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Radeon HD 7750 vs Radeon R7 250

Intro

The Radeon HD 7750 comes with a GPU core speed of 800 MHz, and the 1024 MB of GDDR5 memory is set to run at 1125 MHz through a 128-bit bus. It also is comprised of 512 Stream Processors, 32 Texture Address Units, and 16 Raster Operation Units.

Compare all of that to the Radeon R7 250, which has a clock speed of 1000 MHz and a GDDR5 memory frequency of 1150 MHz. It also makes use of a 128-bit bus, and uses a 28 nm design. It features 384 SPUs, 24 TAUs, and 8 ROPs.

Display Graphs

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(No game benchmarks for this combination yet.)

Power Usage and Theoretical Benchmarks

Power Consumption (Max TDP)

Radeon HD 7750 55 Watts
Radeon R7 250 65 Watts
Difference: 10 Watts (18%)

Memory Bandwidth

As far as performance goes, the Radeon R7 250 should theoretically be a small bit better than the Radeon HD 7750 overall. (explain)

Radeon R7 250 73600 MB/sec
Radeon HD 7750 72000 MB/sec
Difference: 1600 (2%)

Texel Rate

The Radeon HD 7750 should be a small bit (approximately 7%) better at anisotropic filtering than the Radeon R7 250. (explain)

Radeon HD 7750 25600 Mtexels/sec
Radeon R7 250 24000 Mtexels/sec
Difference: 1600 (7%)

Pixel Rate

The Radeon HD 7750 should be a lot (about 60%) faster with regards to AA than the Radeon R7 250, and will be capable of handling higher screen resolutions more effectively. (explain)

Radeon HD 7750 12800 Mpixels/sec
Radeon R7 250 8000 Mpixels/sec
Difference: 4800 (60%)

Please note that the above 'benchmarks' are all just theoretical - the results were calculated based on the card's specifications, and real-world performance may (and probably will) vary at least a bit.

Price Comparison

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Radeon HD 7750

Amazon.com

Radeon R7 250

Amazon.com

Please note that the price comparisons are based on search keywords - sometimes it might show cards with very similar names that are not exactly the same as the one chosen in the comparison. We do try to filter out the wrong results as best we can, though.

Specifications

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Model Radeon HD 7750 Radeon R7 250
Manufacturer AMD AMD
Year February 2012 October 2013
Code Name Cape Verde Pro Oland XT
Fab Process 28 nm 28 nm
Bus PCIe 3.0 x16 PCIe 3.0 x16
Memory 1024 MB 1024 MB
Core Speed 800 MHz 1000 MHz
Shader Speed N/A MHz (N/A) MHz
Memory Speed 4500 MHz 4600 MHz
Unified Shaders 512 384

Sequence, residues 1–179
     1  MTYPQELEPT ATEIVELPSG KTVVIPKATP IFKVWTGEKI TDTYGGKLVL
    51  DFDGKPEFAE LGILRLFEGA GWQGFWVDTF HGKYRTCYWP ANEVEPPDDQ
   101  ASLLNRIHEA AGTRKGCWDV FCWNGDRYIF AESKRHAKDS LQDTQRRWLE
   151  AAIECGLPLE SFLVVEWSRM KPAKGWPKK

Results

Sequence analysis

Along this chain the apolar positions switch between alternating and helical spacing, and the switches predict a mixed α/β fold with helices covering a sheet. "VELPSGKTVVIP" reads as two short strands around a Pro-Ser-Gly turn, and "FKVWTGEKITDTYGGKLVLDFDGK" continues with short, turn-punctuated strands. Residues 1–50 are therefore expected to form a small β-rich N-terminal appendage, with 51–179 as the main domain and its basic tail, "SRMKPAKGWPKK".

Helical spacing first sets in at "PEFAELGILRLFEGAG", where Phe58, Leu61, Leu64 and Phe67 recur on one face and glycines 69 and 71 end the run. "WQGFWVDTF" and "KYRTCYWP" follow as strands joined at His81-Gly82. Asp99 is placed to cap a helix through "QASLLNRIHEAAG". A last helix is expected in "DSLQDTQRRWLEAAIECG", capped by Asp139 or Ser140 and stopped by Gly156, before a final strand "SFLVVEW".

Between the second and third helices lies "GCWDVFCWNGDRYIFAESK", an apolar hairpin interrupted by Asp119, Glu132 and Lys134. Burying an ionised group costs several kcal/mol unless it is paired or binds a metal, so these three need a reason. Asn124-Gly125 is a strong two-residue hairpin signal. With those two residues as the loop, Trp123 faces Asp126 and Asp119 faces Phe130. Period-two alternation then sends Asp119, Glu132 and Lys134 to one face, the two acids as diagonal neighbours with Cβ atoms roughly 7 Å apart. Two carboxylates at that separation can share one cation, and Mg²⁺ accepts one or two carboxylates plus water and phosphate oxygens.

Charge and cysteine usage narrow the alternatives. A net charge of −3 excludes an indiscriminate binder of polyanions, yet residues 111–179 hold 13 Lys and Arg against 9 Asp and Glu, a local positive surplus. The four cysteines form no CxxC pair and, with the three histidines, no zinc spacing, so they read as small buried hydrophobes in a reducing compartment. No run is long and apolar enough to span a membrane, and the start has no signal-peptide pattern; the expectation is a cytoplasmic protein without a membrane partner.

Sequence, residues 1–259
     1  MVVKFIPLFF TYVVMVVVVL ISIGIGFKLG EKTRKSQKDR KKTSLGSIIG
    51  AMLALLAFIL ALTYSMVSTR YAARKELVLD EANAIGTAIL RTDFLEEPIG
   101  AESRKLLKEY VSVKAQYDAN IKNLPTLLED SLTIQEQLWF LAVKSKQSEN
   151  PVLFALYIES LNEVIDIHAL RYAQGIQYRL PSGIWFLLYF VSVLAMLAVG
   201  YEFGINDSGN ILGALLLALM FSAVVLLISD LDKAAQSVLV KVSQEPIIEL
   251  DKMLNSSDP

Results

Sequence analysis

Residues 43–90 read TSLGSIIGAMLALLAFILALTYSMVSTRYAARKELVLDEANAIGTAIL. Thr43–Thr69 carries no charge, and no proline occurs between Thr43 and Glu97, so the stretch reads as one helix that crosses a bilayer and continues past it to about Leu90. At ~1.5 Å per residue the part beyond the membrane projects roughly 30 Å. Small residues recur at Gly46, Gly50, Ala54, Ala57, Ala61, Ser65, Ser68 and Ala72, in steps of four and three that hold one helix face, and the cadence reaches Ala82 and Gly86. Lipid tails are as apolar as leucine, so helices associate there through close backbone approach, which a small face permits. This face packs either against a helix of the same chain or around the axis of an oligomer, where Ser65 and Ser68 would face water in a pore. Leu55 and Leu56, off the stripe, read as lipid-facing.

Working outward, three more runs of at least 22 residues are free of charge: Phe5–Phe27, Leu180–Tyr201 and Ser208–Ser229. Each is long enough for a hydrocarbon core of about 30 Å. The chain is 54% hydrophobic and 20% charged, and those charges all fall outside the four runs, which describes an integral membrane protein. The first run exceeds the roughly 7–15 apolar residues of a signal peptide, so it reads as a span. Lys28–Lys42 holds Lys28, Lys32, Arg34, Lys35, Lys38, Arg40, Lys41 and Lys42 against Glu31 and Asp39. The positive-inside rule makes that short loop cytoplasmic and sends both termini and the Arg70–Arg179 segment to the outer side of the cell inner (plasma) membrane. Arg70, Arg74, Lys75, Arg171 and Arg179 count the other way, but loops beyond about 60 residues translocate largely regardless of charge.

Texture Mapping Units 32 24
Render Output Units 16 8
Bus Type GDDR5 GDDR5
Bus Width 128-bit 128-bit
DirectX Version DirectX 11.1 DirectX 11.2
OpenGL Version OpenGL 4.2 OpenGL 4.3
Power (Max TDP) 55 watts 65 watts
Shader Model 5.0 5.0
Bandwidth 72000 MB/sec 73600 MB/sec
Texel Rate 25600 Mtexels/sec 24000 Mtexels/sec
Pixel Rate 12800 Mpixels/sec 8000 Mpixels/sec

Memory Bandwidth: Bandwidth is the maximum amount of information (counted in megabytes per second) that can be transported past the external memory interface in a second. It's calculated by multiplying the bus width by its memory speed. In the case of DDR type memory, it should be multiplied by 2 once again. If DDR5, multiply by 4 instead. The higher the memory bandwidth, the better the card will be in general. It especially helps with AA, High Dynamic Range and high resolutions.

Texel Rate: Texel rate is the maximum amount of texture map elements (texels) that are processed per second. This number is worked out by multiplying the total texture units by the core clock speed of the chip. The higher the texel rate, the better the card will be at texture filtering (anisotropic filtering - AF). It is measured in millions of texels processed in a second.

Pixel Rate: Pixel rate is the most pixels that the graphics card can possibly record to its local memory in one second - measured in millions of pixels per second. The figure is calculated by multiplying the number of Render Output Units by the the core clock speed. ROPs (Raster Operations Pipelines - sometimes also referred to as Render Output Units) are responsible for filling the screen with pixels (the image). The actual pixel rate also depends on many other factors, especially the memory bandwidth of the card - the lower the memory bandwidth is, the lower the ability to get to the maximum fill rate.

Comments

3 Responses to “Radeon HD 7750 vs Radeon R7 250”
G Hanson says:

R7 250 sucks. 7750 wins.....

harry says:

hd 7750 is best gpu in under 10 k

and its really souport dx 11.1

and gives u ultimate 30-45 fps on all letest games with on screen 3d view and

all of us vicely know
amd gameing view is much better than nvidia

Tom says:

R7 250 used to play dx12 games. And better bandwidth. Easily Play next gem games in medium settings. I think R7 250 is a step ahead for the future vision.

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